Q: What challenges could arise from grouping into the "value" segment and "innovation" segment of the two tiered system?
DC: If we go to the two tiered system, the people who have access to the innovation segment will be the people with the latest and greatest healthcare surgery techniques and technology. The question is whether their outcomes will be truly better — I think they will be. But how much are we willing to pay for incremental improvements in outcomes? If it's your back, you want it; but if you are paying for someone else, maybe it isn't quite as important.
Right now, the industry is heavily weighted toward innovation — I don't think the faucet has been turned off for new technologies or companies yet to develop whatever is next on the horizon. The question comes with what happens with healthcare reform and the dramatic shrinking of healthcare dollar resources. If the companies are not getting reimbursed for their technology, they can't continue to develop it and do research that would lead to the next big thing. Then we will settle into a vast pool of mediocrity in healthcare whereas we've been a leader in innovation in the world.
It might have to be private insurers that promote innovation in the future.
Q: How will the population divide into the two segments?
DC: Off the cuff, I would estimate we would end up with about 70 percent of the population in the value segment and 30 percent in the innovation segment with access to new technology — and that may shrink over time. We might get to the point where the innovation segment would be 10 percent of the market, if the value segment produces care that the population thinks is good enough. If this is the case, there wouldn't be a push to fund the innovation segment. When generic implants do a good enough job, people stop paying for the brand name.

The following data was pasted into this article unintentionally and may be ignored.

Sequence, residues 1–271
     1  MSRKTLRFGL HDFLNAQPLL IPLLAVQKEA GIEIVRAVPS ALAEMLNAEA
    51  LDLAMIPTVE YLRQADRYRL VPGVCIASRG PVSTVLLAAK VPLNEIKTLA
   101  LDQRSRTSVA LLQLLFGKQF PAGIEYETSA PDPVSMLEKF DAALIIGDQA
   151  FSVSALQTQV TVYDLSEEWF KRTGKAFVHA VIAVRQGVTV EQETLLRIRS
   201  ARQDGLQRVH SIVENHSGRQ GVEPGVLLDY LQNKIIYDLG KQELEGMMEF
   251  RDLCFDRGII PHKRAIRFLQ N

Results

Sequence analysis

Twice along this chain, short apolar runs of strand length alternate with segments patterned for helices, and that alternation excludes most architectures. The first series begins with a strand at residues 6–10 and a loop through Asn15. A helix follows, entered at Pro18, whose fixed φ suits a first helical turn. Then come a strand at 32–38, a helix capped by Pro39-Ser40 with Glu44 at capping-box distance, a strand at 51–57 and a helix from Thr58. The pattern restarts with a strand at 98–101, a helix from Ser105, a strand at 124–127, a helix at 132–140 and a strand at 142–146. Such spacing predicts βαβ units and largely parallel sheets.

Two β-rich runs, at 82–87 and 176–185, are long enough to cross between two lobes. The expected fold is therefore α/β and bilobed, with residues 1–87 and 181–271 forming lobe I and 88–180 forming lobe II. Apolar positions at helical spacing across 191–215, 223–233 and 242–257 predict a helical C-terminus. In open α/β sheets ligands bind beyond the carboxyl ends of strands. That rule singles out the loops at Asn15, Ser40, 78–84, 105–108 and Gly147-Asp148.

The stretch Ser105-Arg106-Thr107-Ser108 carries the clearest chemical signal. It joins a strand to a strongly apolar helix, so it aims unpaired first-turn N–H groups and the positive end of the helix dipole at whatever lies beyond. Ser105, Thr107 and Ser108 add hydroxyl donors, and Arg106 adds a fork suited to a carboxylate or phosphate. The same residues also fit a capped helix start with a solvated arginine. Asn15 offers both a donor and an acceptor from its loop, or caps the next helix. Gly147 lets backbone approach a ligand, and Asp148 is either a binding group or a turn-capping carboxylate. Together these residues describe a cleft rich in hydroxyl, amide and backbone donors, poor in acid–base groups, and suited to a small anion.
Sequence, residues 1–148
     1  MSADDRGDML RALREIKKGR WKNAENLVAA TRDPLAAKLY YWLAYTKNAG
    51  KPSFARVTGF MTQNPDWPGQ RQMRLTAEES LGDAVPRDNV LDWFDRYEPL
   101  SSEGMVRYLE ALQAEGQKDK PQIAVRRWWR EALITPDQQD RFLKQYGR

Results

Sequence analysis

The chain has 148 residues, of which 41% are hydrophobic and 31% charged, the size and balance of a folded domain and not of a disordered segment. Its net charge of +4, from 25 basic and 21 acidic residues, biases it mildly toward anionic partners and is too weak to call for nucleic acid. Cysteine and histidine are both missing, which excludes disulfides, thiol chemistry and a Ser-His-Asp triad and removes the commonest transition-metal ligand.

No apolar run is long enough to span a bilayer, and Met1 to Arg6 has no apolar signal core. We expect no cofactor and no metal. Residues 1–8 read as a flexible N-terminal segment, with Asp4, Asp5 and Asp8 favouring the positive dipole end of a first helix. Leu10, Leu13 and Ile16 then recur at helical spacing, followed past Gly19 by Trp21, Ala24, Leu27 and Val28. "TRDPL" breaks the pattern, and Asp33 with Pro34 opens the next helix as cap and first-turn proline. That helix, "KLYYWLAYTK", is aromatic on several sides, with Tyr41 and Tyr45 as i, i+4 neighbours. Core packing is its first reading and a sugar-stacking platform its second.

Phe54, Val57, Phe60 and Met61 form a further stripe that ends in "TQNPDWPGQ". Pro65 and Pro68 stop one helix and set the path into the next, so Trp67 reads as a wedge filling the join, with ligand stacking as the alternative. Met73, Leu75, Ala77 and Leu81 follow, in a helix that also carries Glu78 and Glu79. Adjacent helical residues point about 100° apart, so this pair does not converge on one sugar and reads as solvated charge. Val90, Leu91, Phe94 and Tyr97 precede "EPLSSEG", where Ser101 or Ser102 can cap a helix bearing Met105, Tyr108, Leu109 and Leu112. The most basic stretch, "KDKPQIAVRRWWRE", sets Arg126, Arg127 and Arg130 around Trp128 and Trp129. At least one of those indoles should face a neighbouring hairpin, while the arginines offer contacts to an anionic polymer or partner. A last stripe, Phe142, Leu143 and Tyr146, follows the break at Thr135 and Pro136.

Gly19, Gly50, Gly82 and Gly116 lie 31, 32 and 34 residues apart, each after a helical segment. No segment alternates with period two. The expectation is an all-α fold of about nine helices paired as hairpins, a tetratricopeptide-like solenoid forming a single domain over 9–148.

Right now, people are looking at journal articles and making decisions about payment based on the numbers in high quality studies. They say they will cover a technology for a specific indication because there is data, or they won't because the data isn't good enough or there isn't enough data. Until there is data saying that the technology provides good outcomes, the value system won't accept it.
The innovation segment would accept the technology if patients and physicians think its best.
Q: What impact does the focus on cost containment and development of generic implants have on innovation?
DC: Whether it's Medicare or another version of government payor, if they really want to cut costs they won't support innovation in a meaningful way. They would support the value segment and fund specific costs for implants.
For instance, minimal access surgery and biologics involved in a sacroiliac joint fusion or spinal deformity implants are more elaborate and evolved than generic implants. Anything that is more evolved than the typical generic implant would fit into the innovation segment and if it is better than the traditional treatment, we have to show the value of cost. It has to decrease pain, shorten operating room times and have more reliable outcomes than the standard treatment. That will be the way they decide whether to pay for the incremental improvement of the technology.
When that day comes, we are in trouble because we will sink into mediocrity.
Q: Will surgeons still be able to engage in research and innovation in the two tiered system?
DC: A lot of surgeons are like me and do research truly for the fun of it; its great fun thinking and developing new technology to treat patients better. I envision a scenario where I would continue to tinker and think of new things with engineers even if the funding isn't there, but at some point to get the ideas off the paper and computer and into biomechanical testing, regardless of how altruistic I am, it wont' be made or tested if it can't show improvements.
More Articles on Spine Surgeons:
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Innovation in Spine Technology Post Healthcare Reform: Q&A With Dr. Dennis Crandall FeaturedWritten by Laura Miller | May 30, 2012